If you want to look at some real good numbers look at Ascension Parish. It compares very well to your Omaha.
It's not about white flight. It's about a large black population, that is uneducated, unmotivated, and that will continue to vote for democratic politicians who perpetuate the problem for their own benefit.
When a city has over 100,000 blacks who are granted majority black districts and elect judges like Don Johnson, and Senators like Cleo Fields, and councilmen like Bones Addison, you are screwed. Just move the hell out as soon as you can, and find somewhere like Omaha or some other western or midwestern state with demographics that don't look like ours, and you'll never regret it.
you keep losing your own argument. If you live in a place with a broken toilet, and no mater how much money you throw at it just can't be fixed. Most sain people have two options replace the broken toilet (private schools) or move to another place with working toilets (ascension-livingston). Why would you want anybody to live in a place with a broken toilet, I don't. When you look at the racial makeup of omaha, how did the busing work, you took a very small number of black students and bused them to white schools right? and probably closed the black schools, that plan did not work here, we bused blacks to white schools and whites to black schools. I lived it!
i didn't want to point this out not being a racist and all, but of the ten places taht Kiplinger ranked as best places to live not one has a majority black population.
From Lee High Rebel:
Dear Flavor Flavog,
No federal judge destroyed the Baton Rouge School System. The black "students" single handedly destroyed the Baton Rouge School System. You see they destroyed the physical property, buildings, grounds etc. of the schools that they attended. No one wanted to teach there or go to school there so those schools suffered. Then there was desegregation, and as there nature requires, the black "students" then physically demolished the new schools that they attended. This in turn demolished the spirit of learning in the system and anyone who actually wanted their kids to get more than just a free lunch had to send their kids to a private school or leave the parish. That's how the Baton Rouge school system was destroyed.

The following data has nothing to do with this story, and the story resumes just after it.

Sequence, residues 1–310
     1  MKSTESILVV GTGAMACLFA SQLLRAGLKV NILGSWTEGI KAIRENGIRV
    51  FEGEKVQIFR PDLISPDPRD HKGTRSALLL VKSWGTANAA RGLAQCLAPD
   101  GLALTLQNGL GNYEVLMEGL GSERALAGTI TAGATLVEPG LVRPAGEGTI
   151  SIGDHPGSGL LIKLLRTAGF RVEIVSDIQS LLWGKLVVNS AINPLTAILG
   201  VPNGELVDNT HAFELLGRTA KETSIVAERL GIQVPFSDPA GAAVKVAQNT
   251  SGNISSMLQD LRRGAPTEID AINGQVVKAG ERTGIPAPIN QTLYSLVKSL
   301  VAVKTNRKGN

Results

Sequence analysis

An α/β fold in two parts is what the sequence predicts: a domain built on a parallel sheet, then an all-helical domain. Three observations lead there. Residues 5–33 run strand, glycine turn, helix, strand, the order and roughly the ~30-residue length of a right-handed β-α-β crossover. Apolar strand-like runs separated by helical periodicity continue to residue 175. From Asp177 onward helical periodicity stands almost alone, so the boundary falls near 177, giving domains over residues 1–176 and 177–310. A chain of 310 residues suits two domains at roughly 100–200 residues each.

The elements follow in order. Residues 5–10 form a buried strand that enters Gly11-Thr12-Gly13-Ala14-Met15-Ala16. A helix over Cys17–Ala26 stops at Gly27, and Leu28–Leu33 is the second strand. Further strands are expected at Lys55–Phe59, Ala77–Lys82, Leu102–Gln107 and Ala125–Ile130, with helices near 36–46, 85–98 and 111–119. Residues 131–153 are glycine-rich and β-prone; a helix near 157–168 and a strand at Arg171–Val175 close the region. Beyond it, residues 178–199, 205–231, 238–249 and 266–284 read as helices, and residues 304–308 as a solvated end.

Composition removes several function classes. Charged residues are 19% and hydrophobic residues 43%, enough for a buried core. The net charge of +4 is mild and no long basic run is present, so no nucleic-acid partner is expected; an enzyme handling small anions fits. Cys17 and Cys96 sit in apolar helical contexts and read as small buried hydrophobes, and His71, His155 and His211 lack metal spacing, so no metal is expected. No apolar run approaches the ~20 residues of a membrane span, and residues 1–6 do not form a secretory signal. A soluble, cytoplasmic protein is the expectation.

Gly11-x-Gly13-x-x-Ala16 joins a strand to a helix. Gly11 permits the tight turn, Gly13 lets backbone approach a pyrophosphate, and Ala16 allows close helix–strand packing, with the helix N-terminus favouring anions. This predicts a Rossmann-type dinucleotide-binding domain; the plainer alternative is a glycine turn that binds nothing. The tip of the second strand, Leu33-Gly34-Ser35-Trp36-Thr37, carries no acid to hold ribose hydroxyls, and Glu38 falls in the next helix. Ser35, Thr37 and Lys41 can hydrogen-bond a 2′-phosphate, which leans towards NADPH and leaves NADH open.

nope, i will be around for awhile, will attempt to leave a bit of wisdom EVERY day, even after you stop posting them. I may even attempt to leave comments on some of your other topics also. And by the way us "rednecks" from the great state of looseiana are coming if LSU can pull it out! I have in the past spent lots of money in your town...and i guess you can tell that I had several black english teachers in highschool and at least one at LSU, so my grammer and command of the English language leaves you wanting...
You must have been a kid when you moved, or else you never lived in Baton Rouge, maybe your wife did, I don't know. A lot of people don't know these things are in baton rouge even people that still live in Baton rouge don‘t. But there are some very small businesses along the Mississippi River in Baton Rouge, they are easy to miss, like I said a lot of people don't know they are there, as a matter of fact when one blew up several years ago people thought is was an earthquake...big plants and I don't mean alocasias or colocasias I mean, petrochemical plants! Just sit back and take in some clean Nebraska air (if you can stand the smell of corn, although I understand that a lot of corn is now grown in cotton and sugarcane fields around baton rouge) and imagine the amount of money that is generated by the millage taxes that these buggers pay to the city-parish. By the way I don‘t think the $75,000 homestead exemption applies. So there is a lot of tax money in baton rouge. As a side note, Jamarco calls it as he sees it, you shouldn’t resort to name calling and making fun, he types fast and he slept through most of his English classes, I know, I wrote most of his papers. And by the way, he is not a redneck, he hasn’t been on a tractor in years and he doesn’t cut his own grass, some guy named Pedro does (now he really is a redneck).
From Lee High Rebel:
The truth isn't hatefulness or kindness, it's just the truth. I watched the truth unfold from 7th grade through 12th grade. Now I make my money in the construction industry rebuilding and repairing the damage that is done to the schools by the "students", and I'm good at it. I wouldn't be where I am today without those little demolition experts, God bless them.
WHAT'S INTERESTING (and troubling) is that racial scapegoating erupted from something as simple as my making a point about how Omaha, a city with many similarities to Baton Rouge, really has made remarkable progress in the time I've lived here -- such progress that it's being noticed nationally, and is appearing in lists of "best cities."
Really, how do rants about the injustice of school desegregation logically arise from my noting that in many respects, Baton Rouge -- my hometown -- still struggles, and that the difference lies in the realm of "civic culture"?